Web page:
Why This simple-to-reach isle is a rapid remedy for adventure-seekers craving an adrenaline rush. Rappel 250 feet into the prehistoric Camuy Caves, 60 minutes west of San Juan, or hike El Yunque rain forest. Wind down on a tour of Hacienda Buena Vista (Hwy. 123; 787/722-5882; $7), a former coffee plantation near Ponce, about 70 miles south of the capital.

How to Get There Most airlines fly to San Juan from major U.S. cities, including New York (3 1/2 hours), Miami (2 1/2 hours), and Dallas (4 1/2 hours).

Where to Stay Old San Juan makes an ideal base for exploring. Book a room at Chateau Cervantes (329 Recinto Sur, Old San Juan; 787/724-7722; www.cervantespr.com; doubles from $300), a boutique property in a Spanish colonial building with interiors by a local fashion designer.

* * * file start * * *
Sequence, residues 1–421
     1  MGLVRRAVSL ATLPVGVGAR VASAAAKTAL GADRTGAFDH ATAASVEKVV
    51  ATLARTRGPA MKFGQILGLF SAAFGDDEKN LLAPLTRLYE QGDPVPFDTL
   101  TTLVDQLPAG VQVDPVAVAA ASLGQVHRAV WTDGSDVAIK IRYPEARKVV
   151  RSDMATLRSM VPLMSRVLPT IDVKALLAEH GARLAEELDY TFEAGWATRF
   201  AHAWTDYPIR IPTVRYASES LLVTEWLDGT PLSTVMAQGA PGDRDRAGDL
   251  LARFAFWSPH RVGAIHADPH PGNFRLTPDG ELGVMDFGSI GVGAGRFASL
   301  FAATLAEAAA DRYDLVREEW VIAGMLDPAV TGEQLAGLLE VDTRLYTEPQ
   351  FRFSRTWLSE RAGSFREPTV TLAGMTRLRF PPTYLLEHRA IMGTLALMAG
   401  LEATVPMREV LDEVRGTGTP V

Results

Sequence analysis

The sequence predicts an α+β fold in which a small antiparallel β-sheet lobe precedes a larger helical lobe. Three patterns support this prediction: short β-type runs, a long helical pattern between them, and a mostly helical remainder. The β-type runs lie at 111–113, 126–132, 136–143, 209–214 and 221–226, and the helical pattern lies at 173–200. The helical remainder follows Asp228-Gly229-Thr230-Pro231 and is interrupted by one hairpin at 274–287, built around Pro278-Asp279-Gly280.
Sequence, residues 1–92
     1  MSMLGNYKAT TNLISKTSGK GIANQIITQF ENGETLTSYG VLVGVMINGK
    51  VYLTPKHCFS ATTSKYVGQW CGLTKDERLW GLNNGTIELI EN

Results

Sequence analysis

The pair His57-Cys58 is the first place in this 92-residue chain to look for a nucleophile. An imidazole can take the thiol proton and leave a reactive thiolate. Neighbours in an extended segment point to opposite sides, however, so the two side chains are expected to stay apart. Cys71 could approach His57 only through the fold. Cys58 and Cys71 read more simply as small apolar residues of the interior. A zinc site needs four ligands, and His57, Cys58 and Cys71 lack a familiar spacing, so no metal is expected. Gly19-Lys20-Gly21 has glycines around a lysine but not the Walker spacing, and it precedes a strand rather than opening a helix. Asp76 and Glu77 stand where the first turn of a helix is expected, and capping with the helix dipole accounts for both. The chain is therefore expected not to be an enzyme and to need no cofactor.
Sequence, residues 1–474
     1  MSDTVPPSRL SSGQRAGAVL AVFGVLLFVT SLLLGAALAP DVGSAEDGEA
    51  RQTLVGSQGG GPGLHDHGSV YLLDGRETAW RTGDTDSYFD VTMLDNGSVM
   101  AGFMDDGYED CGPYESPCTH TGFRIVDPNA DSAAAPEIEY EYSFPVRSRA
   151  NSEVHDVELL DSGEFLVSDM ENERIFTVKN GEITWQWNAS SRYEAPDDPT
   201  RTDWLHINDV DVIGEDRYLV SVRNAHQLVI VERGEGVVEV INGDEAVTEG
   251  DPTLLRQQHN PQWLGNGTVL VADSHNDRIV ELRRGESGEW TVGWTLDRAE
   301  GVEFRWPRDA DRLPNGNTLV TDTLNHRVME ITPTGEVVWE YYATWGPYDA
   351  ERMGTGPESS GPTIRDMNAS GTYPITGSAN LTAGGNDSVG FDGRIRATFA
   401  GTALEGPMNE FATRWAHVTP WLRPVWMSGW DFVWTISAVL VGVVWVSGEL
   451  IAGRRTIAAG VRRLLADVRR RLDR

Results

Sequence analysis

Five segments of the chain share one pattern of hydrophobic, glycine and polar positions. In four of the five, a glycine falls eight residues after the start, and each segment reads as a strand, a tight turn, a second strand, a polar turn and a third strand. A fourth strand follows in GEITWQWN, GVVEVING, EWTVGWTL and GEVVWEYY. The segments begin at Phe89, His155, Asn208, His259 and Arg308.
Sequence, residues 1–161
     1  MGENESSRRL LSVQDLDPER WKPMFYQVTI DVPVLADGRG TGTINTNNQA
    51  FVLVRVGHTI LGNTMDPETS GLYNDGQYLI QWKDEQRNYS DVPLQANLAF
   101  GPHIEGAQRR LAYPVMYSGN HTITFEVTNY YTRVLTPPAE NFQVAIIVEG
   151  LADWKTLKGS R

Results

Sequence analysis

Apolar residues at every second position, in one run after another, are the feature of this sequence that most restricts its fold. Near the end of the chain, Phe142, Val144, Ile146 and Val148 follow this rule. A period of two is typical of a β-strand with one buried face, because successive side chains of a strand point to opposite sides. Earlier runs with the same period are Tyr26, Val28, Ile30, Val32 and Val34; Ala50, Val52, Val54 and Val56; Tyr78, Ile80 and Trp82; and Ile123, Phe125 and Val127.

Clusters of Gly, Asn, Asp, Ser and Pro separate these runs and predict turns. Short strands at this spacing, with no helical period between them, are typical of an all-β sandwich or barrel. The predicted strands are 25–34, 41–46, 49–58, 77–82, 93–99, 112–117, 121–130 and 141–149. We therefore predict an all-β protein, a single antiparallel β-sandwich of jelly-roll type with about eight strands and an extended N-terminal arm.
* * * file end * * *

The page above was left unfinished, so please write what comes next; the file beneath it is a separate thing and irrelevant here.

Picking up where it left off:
Where to Eat Grab a porrito (fish taco) and honey-lemon ginger juice at Pure & Natural (1125 Ashford Ave.; 787/725-6104; lunch for two $30), in San Juan's Condado district. At night, dine at the minimalist Marmalade (317 Fortaleza St.; 787/724-3969; dinner for two $90), on a trendy street in Old San Juan.

Insider Tip You can pick up a pound of Puerto Rico's muy fuerte coffee at any market for far less than those beans at Starbucks.



Why Extending along the Atlantic coast, Georgia's barrier islands are pristine and uncrowded—perfect for beach hopping. Our favorite locations include St. Simons, Jekyll, Sea, and Cumberland islands. (Note: Sea Island is private and is exclusive to hotel guests and members.)

How to Get There Catch a flight to Savannah or Jacksonville, Florida, each about 75 miles from the region. The various isles are accessible by car (from I-95), ferry, or hired boat.